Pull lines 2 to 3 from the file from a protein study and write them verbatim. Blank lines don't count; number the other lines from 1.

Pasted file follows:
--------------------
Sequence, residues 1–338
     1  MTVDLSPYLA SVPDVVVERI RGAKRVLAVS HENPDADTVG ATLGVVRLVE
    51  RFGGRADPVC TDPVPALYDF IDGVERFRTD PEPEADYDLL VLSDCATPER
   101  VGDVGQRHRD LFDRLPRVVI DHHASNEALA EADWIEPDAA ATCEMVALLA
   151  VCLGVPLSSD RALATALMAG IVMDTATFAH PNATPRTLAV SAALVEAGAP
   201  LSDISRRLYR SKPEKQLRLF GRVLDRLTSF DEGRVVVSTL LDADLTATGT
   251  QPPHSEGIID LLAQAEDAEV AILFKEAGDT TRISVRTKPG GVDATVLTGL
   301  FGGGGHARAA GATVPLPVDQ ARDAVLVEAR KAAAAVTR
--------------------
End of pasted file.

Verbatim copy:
     1  MTVDLSPYLA SVPDVVVERI RGAKRVLAVS HENPDADTVG ATLGVVRLVE
    51  RFGGRADPVC TDPVPALYDF IDGVERFRTD PEPEADYDLL VLSDCATPER